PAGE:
How to Improve Employee Relationships
  • Home
  • Blog
  • How to Improve Employee Relationships

How to Improve Employee Relationships

Do you use labels and nicknames to identify colleagues around the workplace, ‘the one who’s always smiling’, or ‘the one from men’s clothing?’ If so, you may not be on your own. One study suggests “a third of UK workers in small businesses don’t know the names of their co-workers.” This is a shocking statistic considering a small company has been defined in the study as 20 employees or less.

Learning someone’s name is the starting point of any new relationship, so if your employees haven’t done this already, you need to help them. Not only will this lack of affiliation look bad to your customers, it can also cause unnecessary problems and awkwardness within the working environment.

An article by Mind Tools says, “According to the Gallup Organization, people who have a best friend at work are seven times more likely to be engaged in their jobs. And it doesn’t have to be a best friend: Gallup found that people who simply had a good friend in the workplace are more likely to be satisfied.”

Here’s some great tips that you can introduce which will encourage workers to bond:

Presenting new employees

Whenever you hire a new employee, it is crucial that they are introduced to the rest of the workforce. Some people aren’t confident, and therefore if you leave them to make the first move and say hi to their fellow employees, it may never happen. It can be a very scary and intimidating experience being the new girl or boy, so make this easier by walking around each department, and getting the staff located there to explain a little about it, and themselves.  Straight away your new employee will feel more comfortable, and get a true feel for their new workplace. Due to this initial introduction, both the new and existing staff should feel less awkward and apprehensive approaching each other.

There is nothing worse than someone getting your name wrong, so hopefully this early introduction should stop this from happening. Employees won’t need to uncomfortably glance at another’s name badge to discover their name, or call them something completely wrong because they simply aren’t sure.

Remember, as a boss it is your place to encourage co-workers to bond.

Regular meetings

By hosting regular meetings, this can be a great environment to introduce new workers. If you don’t have time to walk around each department showing a new employee around, do it when everyone’s in the same room instead. You have to be careful though, as not everyone likes attention. Make sure this isn’t an intimidating encounter- but instead a friendly one. You could then assign them to a more established employee, who can do the office tour and give advice about great nearby places to go for lunch, where the best coffee shop is, and the nearest public transport stations, to make them feel welcome and settled.

Days out

As an alternative to hosting a formal meeting in work time, why not treat your employees to a day out, or evening meal. Not only will this show your appreciation for them, it will make new and existing workers closer. They will have time to bond in a relaxed environment, away from the stresses of work.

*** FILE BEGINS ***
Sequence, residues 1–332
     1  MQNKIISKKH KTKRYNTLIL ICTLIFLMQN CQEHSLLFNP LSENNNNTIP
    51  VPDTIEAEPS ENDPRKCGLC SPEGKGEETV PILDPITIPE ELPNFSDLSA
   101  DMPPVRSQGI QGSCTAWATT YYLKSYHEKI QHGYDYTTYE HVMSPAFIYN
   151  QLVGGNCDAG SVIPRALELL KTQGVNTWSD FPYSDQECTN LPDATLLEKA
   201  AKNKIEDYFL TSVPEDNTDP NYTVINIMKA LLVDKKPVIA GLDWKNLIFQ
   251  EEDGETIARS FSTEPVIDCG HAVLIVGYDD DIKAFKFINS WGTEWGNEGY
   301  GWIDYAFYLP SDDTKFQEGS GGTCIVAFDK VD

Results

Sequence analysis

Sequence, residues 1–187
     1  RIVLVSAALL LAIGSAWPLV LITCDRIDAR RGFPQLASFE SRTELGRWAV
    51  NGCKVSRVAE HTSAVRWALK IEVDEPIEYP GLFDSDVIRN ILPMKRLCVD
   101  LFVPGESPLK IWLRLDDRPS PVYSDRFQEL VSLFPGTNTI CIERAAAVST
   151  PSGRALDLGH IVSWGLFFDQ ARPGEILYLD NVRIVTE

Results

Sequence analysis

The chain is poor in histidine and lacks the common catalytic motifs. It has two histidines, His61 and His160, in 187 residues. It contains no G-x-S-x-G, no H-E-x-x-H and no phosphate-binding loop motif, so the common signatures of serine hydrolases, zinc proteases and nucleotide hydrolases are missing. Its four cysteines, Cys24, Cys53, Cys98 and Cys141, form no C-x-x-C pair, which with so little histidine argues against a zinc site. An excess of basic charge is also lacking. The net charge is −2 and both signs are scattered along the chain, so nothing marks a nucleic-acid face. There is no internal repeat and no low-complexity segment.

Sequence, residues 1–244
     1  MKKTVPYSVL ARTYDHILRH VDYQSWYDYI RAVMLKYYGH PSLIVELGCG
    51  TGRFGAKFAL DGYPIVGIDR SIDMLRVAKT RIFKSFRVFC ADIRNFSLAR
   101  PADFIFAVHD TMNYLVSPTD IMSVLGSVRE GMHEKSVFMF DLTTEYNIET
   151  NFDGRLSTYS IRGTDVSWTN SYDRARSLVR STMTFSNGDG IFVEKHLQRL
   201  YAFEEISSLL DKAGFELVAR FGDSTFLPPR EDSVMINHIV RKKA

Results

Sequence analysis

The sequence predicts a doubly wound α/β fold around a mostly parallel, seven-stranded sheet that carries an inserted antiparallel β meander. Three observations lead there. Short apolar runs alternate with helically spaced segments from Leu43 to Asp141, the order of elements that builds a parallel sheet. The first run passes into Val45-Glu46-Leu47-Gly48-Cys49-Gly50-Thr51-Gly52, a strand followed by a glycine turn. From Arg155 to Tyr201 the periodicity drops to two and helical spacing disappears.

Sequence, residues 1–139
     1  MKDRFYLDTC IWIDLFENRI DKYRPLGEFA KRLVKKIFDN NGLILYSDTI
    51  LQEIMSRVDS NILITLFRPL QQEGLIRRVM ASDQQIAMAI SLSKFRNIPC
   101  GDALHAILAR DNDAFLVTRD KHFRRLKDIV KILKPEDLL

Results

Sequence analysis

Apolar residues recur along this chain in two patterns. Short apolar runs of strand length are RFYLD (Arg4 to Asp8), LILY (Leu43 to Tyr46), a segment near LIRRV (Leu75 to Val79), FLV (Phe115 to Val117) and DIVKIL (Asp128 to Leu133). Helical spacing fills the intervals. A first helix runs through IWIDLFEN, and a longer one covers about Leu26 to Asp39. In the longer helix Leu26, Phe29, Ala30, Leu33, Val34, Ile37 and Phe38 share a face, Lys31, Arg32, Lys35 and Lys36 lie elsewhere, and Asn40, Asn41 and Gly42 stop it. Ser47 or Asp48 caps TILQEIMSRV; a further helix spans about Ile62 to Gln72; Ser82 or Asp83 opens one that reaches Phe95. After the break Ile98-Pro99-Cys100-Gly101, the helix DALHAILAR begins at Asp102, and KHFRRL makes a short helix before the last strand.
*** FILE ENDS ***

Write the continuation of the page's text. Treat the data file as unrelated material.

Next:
Physical activities

Many people enjoy sports, so you could set up a work team. You could organise for people to take part in generic games that can be played on a weekly, bi-weekly or monthly basis- or maybe something completely wacky that many won’t have tried before, like climbing or go-carting. Again, these are both great team building exercises, and ones that have the added bonus of fitness as well. New individuals will also be able to show off their skills in a casual environment, making friends as they perform.

According to one study by The Social Issue Research Centre, “sport – and conversations between staff and customers, managers and staff, men and women – can have a positive impact on boosting morale and improving mood, motivation and productivity in the working environment.”

Shared meals

Do you have a shared kitchen? If not you might want to think about offering some sort of rest space where employees can go to spend their breaks or lunches. Communal areas are a great place for people to meet and bond. Put a radio or television in there to encourage a relaxed atmosphere, and this might work to stimulate conversation too. You could also hang up a bulletin board featuring updates with employees, rules and other useful information. New members of staff can look at this to find out a bit extra about the company and their new co-workers.

As an owner, it is especially important that you get to know everyone’s names and take an interest in employees ‘outside’ lives. By providing activities that encourages everyone to get involved, you will build a strong team and pleasant working environment.

 

If you want any finance to help you fund team building exercises, renovations, or pay for new members of staff, United Kapital could provide you with £3,500-£150,000. Find out more here.